Learning from Charter School Management Organizations: Strategies for Student Behavior and Teacher Coaching

In November, we learned from the National Study of CMO Effectiveness (a joint initiative by Mathematica and the Center on Reinventing Public Education) that the quality of charter-management organizations varies dramatically. (These findings were confirmed in second report released by the pair in January.) This latest from Mathematica and CRPE probes some of the common practices of high-quality CMOs. Based on data from the middle schools of twenty-two CMOs, we now learn that consistently applied school-wide behavior programs (which outline clear rewards and demerits for specific actions, hold “zero tolerance” for violence, and promote a strong culture of learning) and regular teacher coaching are the strategies most strongly linked to higher student achievement. Interestingly, other popular (and reformy) approaches didn’t correlate with better performance, including boosting instructional time, adopting performance-based teacher evaluation and compensation schemes, and using formative-assessment data frequently. To illustrate further how the two successful strategies work on the ground, the report then profiles five CMOs that utilize them—Aspire Public Schools, Inner City Education Foundation, KIPP DC, Uncommon Schools, and Yes Prep Public Schools. Uncommon Schools, for example, pushes a school culture based on its MAPP (Mindful, Achieving, Professional, and Prepared) and SLANT (Sit up straight, Listen, Ask and answer questions, Nod for understand, and Track the speaker) tenets. (Pioneered by KIPP’s founders, KIPP DC also uses the SLANT technique.) On the teacher-coaching front, Aspire, Yes Prep, and KIPP DC observe their teachers weekly—Uncommon Schools observes teachers more frequently than that. Novice teachers receive intense classroom-management training while experienced teachers’ coaching is more instructional “fine tuning.” Both types of teachers see quick feedback from observations. While these are correlated and not causal trends, the showcasing of what works for high-quality CMOs should be welcome insight to all school leaders.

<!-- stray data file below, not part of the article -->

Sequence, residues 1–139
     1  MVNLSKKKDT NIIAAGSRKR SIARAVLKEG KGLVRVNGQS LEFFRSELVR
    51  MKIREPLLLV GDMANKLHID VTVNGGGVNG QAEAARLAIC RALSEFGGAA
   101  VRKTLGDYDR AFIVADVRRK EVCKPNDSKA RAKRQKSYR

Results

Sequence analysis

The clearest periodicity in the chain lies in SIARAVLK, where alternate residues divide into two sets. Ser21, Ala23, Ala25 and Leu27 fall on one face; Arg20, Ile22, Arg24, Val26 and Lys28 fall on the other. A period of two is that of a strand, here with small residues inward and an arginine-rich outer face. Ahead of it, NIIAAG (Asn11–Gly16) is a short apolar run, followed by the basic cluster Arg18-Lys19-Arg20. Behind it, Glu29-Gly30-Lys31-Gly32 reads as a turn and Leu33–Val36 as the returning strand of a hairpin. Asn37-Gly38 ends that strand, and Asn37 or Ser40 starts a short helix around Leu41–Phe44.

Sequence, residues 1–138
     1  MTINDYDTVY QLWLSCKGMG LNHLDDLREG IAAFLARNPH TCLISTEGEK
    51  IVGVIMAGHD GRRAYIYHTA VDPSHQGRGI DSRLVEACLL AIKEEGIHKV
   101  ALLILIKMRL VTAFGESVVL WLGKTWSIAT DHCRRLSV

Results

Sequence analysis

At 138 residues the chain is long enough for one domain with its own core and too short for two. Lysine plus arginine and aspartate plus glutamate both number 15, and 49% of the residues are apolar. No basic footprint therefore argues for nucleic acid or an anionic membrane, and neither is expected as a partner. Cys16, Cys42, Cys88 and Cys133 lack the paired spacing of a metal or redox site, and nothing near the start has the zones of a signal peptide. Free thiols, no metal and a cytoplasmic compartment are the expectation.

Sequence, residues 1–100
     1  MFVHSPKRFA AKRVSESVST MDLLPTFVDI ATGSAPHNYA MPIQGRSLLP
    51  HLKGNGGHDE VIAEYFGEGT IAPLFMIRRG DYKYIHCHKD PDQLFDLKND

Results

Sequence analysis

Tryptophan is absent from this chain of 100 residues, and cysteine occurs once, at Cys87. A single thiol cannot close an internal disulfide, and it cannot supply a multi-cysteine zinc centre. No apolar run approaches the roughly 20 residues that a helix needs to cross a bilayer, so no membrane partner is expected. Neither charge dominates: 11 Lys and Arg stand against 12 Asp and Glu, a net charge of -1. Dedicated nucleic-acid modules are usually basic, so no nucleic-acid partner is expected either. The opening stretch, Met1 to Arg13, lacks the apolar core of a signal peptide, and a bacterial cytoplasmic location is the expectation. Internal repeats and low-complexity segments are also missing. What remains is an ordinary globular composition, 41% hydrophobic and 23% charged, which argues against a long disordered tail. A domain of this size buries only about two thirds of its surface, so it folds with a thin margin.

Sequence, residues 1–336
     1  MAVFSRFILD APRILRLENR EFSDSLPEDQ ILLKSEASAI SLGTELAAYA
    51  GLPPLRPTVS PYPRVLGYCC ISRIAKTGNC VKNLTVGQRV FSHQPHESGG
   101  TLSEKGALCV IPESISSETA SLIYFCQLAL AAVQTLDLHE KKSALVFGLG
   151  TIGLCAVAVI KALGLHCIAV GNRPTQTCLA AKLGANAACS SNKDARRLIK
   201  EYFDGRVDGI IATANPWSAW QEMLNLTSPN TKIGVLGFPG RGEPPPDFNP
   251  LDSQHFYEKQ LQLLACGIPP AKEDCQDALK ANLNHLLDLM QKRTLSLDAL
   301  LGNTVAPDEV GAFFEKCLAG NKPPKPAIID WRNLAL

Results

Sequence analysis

Lake, Robin, Melissa Bowen, Allison Demeritt, Moira McCullough, Joshua Haimson, and Brian Gill, Learning from Charter School Management Organizations: Strategies for Student Behavior and Teacher Coaching (Princeton, NJ: Mathematica Policy Research; Seattle, WA: Center on Reinventing Public Education, 2012).

More By Author

Related Articles